Health groups' plea to cola majors: please snip sales

Health groups' plea to cola majors: please snip sales

 Fourteen public health institutions, including two from India, have written to the Coca Cola and PepsiCo requesting them to reduce the sale of sugar-sweetened beverages in India and other parts of the the developing world because of the adverse public health impact.

Red flagging the perilous consequences of carbonated drinks including 1,84,000 deaths every year, the institutions asked the companies to desist from marketing their products to kids below 16 years, reduce the container size and carry a health warning. They also suggested reduction of the calorie content of these beverages to no more than 40 calories per 355 ml bottle.

The letters were sent to the chief executive officers of Coca-Cola and PepsiCo as well as to the companies’ major institutional investors in the run-up to Coca-Cola’s annual meeting on April 27 and PepsiCo’s on May 4.

“While sugar-drink consumption in the US and Europe has been declining, your company and others are investing billions of dollars annually to increase sales in low and middle-income countries in Asia, Africa and Latin America,” says the letter.

The signatories are George Institute for Global Health from Australia and India; Alliance for the Control of Tobacco Use and Health Promotion, Brazil; The Nutritional Health Alliance, Mexico; Australia and New Zealand Obesity Society from Australia; Centre for Science and Environment, India, World Obesity Federation and World Public Health Nutrition Association.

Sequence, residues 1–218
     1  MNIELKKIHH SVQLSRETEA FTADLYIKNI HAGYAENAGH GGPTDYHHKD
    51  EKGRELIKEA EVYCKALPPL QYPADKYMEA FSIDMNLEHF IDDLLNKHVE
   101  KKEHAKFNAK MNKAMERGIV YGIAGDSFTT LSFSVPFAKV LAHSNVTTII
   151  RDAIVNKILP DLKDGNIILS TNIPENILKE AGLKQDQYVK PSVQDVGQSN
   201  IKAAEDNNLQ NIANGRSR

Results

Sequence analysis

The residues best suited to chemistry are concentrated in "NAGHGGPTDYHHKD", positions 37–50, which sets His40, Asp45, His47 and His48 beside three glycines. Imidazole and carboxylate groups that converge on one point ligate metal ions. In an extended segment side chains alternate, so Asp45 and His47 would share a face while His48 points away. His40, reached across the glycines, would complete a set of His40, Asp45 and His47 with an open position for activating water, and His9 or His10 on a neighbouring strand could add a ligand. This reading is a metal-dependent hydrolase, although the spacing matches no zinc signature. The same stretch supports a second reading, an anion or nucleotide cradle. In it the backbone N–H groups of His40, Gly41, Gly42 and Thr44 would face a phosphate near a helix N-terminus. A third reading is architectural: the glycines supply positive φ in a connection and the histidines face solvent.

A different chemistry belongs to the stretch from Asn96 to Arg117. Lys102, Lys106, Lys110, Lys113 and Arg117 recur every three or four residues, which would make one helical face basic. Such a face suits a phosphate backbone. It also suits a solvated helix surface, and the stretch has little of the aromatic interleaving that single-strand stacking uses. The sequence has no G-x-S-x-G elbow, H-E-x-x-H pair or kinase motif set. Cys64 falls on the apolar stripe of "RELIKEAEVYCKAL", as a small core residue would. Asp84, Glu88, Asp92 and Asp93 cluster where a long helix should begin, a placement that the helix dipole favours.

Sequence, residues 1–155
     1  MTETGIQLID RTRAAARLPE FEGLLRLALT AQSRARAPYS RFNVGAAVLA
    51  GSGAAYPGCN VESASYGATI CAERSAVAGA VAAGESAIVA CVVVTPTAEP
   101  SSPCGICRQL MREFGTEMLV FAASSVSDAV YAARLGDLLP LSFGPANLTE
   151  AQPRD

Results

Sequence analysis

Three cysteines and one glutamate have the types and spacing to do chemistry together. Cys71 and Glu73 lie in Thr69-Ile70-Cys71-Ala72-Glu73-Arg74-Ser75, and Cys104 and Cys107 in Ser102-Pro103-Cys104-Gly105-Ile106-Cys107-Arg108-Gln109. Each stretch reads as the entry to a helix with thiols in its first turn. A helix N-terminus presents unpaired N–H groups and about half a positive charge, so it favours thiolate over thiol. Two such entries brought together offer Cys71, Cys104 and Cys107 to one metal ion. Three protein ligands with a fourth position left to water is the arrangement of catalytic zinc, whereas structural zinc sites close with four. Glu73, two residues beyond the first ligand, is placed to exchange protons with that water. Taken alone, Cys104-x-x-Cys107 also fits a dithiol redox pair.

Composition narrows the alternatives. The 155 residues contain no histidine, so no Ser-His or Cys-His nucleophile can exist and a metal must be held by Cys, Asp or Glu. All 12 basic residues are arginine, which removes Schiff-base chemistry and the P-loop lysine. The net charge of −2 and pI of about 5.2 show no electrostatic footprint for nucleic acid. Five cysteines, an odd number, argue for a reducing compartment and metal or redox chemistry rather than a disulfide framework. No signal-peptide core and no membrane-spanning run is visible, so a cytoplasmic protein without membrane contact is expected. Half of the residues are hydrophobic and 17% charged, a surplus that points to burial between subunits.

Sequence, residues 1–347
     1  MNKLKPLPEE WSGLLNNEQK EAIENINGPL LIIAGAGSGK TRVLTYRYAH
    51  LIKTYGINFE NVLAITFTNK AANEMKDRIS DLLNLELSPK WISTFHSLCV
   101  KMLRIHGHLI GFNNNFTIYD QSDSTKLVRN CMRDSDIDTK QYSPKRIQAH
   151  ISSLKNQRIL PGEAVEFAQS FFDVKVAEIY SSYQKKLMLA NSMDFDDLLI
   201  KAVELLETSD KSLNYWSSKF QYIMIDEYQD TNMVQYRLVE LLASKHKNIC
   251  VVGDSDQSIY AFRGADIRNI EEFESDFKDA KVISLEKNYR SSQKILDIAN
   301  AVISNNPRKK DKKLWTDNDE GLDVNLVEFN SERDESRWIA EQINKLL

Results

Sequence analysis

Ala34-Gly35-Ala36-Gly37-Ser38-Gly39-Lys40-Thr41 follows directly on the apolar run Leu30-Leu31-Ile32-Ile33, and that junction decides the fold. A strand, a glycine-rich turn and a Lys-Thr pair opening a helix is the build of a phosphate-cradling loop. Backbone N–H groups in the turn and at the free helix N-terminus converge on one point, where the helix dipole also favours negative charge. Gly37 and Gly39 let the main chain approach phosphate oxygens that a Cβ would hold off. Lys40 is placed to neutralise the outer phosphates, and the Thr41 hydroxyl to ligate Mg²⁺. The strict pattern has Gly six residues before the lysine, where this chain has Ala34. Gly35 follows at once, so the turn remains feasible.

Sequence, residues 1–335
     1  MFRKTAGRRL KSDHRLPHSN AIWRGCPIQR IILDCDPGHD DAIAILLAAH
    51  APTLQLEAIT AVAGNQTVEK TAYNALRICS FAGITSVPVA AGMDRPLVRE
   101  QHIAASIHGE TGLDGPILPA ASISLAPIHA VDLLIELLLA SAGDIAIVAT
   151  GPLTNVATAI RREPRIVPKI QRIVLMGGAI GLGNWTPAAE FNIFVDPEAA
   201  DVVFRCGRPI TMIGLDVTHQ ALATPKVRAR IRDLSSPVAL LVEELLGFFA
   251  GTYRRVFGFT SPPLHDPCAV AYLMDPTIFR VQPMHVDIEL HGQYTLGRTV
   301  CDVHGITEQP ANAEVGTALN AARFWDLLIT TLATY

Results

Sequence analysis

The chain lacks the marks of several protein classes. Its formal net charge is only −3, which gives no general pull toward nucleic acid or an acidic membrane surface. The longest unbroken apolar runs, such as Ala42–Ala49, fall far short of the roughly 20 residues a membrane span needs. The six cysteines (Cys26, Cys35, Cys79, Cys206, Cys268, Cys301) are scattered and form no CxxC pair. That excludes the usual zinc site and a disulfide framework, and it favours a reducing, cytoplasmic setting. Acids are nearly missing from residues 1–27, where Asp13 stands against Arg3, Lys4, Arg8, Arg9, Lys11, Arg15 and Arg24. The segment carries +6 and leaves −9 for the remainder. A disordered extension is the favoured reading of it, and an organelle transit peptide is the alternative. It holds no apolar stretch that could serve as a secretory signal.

“Around two lakh deaths occur every year due to sugar related diseases. The negative impact of sugar is a critical area to be worked upon,” said Vivekananda Jha, executive director of George Institute for Global Health, India.

Studies carried out by the Diabetes Foundation and Centre of Nutrition and Metabolic Research suggest per capita consumption of sugary beverages has gone up by over five times in India since 1998, demonstrating the impact of the marketing undertaken by these companies in India.

Excess sugar in the body causes multiple disorders and eventually leads to obesity, diabetes and cardiovascular diseases, among other diseases.

Sin tax

While several Indian public health specialists suggested a sin tax on sugar-sweetened beverages, a committee on the Goods and Services Tax headed by Chief Economic Advisor Arvind Subramanian proposed 40% tax on aerated drinks – a move that was opposed by cola companies.

In February, non-governmental organisation Centre for Science in the Public Interest released a report exposing how Coke and Pepsi are spending billions in Brazil, China, India, and Mexico to promote sugar-drink sales.

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